The Ethnic Cultural and Social Aspects of Incontinence – A Pilot Study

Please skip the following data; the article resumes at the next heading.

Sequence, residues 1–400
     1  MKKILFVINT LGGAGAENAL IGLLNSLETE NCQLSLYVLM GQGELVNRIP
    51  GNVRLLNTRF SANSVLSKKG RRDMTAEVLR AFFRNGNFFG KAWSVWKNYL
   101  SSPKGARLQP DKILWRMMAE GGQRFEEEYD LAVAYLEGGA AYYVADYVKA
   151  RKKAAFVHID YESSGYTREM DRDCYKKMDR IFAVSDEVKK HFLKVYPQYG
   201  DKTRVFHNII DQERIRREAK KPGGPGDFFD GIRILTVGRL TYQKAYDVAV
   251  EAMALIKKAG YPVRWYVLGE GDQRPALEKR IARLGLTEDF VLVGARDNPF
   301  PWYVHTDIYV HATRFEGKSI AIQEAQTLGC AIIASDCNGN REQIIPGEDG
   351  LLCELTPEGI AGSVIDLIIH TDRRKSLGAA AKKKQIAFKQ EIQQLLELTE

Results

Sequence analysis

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This cross-sectional study aimed to study the religious and cultural practices of ethnic minorities that might affect the experience and ideas that sufferers of incontinence have. Subjects were multiparous women from the local community who suffered from incontinence. Structured and unstructured interviews were conducted to assess the effect of incontinence and menstruation on home life, sexual life, personal and communal prayer, rules and customs associated with menstruation, and the ability to discuss problems with their doctor and partners. Individual women differed in how they rated their daily activities, and this was not related to religious or ethnicity. Higher restrictions on activity were perceived for fecal than for urinary incontinence. Sexual relationships were restricted for Jewish and Muslim women during menses. Incontinence led to religious restriction, which was most marked for Jewish and Muslim women, and this was related to the need for cleanliness for prayer. Less then 50% of patients sought help, and this was not related to duration and severity of symptoms. Only Muslim women had a strong preference for female doctors, and this was for cultural reasons.
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